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A Texas boy died on September 11 from a brain-eating amoeba that he contracted on a surface where children slide into the water at Don Misenheimer Public Park, located in Arlington. According to the Centers for Disease Control and Prevention (CDC) there are no more cases registered.
On September 5, the boy was admitted to the Cook Children’s Medical Center for primary amebic meningoencephalitis, infection caused by amoeba Naegleria fowleri, according to a release from local health authorities.
The name and age of the minor did not transcend to protect your identity and the privacy of family members.
Upon learning that the boy was hospitalized, health authorities took water samples from the boy’s home in Tarrant and the section of the park where he played with water in Arlington, which were the last two places the boy visited. before being admitted to the health center.
These samples were sent to the CDC, who determined that the amoeba Naegleria fowleri it was actually present in the water of the “splash pad”.
Arlington authorities closed the section of the park where the boy was exposed to the bacteria for the rest of the year. What’s more, reported that they also ordered the closure of all “splash pads” in the city “as a precaution”.
In another statement, the city admitted that park staff did not frequently perform relevant tests to determine water quality.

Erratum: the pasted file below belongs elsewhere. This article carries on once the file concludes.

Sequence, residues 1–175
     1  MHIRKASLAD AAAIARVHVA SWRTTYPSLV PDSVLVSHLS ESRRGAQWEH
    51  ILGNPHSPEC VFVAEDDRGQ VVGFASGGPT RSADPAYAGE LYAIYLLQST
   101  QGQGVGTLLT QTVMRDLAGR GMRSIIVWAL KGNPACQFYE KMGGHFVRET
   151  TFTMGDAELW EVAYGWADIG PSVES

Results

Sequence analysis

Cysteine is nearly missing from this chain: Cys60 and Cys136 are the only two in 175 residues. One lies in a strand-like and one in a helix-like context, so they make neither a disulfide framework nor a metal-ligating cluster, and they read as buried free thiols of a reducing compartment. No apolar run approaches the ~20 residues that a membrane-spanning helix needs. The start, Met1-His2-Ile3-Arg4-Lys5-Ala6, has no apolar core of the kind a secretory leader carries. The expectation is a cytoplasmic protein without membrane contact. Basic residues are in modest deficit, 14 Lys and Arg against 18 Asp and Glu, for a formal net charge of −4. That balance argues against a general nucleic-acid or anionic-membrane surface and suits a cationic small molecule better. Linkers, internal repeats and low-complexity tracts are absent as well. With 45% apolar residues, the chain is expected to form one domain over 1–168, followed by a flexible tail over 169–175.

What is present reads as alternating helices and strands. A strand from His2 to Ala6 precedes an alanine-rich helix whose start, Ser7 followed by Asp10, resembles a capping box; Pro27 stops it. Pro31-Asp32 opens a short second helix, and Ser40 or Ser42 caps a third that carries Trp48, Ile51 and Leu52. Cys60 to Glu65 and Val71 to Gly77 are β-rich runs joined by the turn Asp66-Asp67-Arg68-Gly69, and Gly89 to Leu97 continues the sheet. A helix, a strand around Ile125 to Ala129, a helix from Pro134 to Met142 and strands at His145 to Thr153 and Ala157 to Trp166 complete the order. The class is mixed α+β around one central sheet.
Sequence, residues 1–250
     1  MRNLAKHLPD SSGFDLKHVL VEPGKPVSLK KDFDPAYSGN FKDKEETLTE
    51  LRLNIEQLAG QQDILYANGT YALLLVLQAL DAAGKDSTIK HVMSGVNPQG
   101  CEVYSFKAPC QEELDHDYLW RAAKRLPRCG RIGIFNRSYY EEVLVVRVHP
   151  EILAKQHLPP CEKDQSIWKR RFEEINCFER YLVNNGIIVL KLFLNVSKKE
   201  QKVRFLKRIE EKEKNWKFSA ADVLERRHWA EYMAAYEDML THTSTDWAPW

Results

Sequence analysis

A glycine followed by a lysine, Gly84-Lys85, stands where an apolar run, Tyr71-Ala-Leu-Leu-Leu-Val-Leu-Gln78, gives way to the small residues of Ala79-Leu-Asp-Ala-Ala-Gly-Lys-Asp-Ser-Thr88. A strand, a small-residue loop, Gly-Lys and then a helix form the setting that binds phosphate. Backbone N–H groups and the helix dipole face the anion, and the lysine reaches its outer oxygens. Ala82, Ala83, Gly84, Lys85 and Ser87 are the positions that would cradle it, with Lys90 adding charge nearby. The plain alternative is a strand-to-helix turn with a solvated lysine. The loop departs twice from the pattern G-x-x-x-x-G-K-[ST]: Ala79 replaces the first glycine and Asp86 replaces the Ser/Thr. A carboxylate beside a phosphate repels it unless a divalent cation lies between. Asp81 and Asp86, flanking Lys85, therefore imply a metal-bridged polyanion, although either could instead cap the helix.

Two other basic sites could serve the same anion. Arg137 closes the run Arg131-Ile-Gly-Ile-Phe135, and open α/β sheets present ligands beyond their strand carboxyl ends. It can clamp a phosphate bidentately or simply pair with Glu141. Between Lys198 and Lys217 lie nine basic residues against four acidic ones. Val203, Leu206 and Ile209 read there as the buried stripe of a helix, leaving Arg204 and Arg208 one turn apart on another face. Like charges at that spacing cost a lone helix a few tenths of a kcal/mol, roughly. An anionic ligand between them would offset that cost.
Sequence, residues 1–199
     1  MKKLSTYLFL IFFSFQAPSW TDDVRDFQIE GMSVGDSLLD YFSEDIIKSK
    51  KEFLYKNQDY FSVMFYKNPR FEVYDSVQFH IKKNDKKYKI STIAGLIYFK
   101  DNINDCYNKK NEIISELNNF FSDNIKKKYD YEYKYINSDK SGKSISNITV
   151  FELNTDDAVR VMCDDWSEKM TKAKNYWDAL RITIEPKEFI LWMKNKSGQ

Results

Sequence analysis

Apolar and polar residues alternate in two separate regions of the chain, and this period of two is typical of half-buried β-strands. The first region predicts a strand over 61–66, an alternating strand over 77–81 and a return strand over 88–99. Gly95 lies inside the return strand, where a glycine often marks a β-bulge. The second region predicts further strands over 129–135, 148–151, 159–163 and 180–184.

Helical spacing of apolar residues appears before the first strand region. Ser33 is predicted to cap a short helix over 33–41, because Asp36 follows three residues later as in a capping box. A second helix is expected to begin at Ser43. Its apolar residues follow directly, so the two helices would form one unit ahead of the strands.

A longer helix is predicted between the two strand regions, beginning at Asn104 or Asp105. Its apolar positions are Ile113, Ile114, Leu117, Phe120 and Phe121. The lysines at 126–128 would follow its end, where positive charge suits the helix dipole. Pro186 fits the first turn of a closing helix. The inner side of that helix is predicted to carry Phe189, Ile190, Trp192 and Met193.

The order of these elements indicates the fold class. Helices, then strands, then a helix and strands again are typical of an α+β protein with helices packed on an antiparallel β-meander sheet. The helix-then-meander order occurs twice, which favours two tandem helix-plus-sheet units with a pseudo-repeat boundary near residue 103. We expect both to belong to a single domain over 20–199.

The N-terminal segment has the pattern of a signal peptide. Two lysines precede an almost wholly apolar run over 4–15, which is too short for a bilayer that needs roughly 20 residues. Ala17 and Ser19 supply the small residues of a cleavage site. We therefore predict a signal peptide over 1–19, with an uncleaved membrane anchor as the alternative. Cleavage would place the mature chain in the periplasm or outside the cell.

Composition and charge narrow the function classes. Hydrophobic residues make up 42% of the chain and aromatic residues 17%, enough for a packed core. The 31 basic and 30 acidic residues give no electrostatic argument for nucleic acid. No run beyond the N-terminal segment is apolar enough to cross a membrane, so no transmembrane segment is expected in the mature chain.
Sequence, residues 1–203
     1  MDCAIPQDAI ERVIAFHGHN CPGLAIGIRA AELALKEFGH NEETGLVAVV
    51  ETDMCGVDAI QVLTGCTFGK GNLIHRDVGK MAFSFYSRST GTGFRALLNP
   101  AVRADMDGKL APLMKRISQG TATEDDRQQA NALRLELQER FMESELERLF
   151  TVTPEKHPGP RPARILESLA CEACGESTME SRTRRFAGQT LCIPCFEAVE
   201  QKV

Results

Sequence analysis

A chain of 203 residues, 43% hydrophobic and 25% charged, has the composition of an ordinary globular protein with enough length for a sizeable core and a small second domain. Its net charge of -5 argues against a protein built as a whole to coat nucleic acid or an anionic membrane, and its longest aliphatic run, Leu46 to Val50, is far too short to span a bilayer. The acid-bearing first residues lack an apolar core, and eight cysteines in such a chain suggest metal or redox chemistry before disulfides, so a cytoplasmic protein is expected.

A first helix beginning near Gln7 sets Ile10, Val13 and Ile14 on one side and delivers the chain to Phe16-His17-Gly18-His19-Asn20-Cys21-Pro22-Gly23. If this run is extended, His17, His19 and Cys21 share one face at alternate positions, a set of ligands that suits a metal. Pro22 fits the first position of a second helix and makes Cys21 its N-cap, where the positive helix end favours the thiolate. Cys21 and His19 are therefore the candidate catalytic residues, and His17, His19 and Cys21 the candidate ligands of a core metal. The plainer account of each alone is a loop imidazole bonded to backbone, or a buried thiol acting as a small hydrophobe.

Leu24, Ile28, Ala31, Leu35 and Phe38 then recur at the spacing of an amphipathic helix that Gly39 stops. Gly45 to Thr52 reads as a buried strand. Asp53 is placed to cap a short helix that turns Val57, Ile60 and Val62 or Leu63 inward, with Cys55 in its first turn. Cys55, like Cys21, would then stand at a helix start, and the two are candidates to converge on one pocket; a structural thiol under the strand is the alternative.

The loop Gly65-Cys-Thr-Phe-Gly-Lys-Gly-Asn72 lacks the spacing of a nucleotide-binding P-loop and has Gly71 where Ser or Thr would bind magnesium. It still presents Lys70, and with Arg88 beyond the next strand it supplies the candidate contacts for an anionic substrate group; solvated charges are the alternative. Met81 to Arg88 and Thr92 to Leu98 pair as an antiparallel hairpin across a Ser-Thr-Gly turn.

“Records did not always show the amount of sanitizing chemical that was added manually to the water system of the splash pad, ”the statement continues.
Lemuel Randolph, deputy city manager for the city of Arlington, told Fox 4 that the fact that the city “may have played an important role in this case it’s really disturbing“.
The CDC also conducted water quality studies at Arligton, but found that it meets sanitation standards and that the water is completely safe for its consumers.
The health entity also assured that there are no more cases of primary amoebic meningoencephalitis registered so far. The CDC website indicates that amoeba infections Naegleria fowleri they are quite rare with only 34 cases registered between 2010 and 2019. In addition, he reports that this bacterium is commonly found in rivers and lakes.
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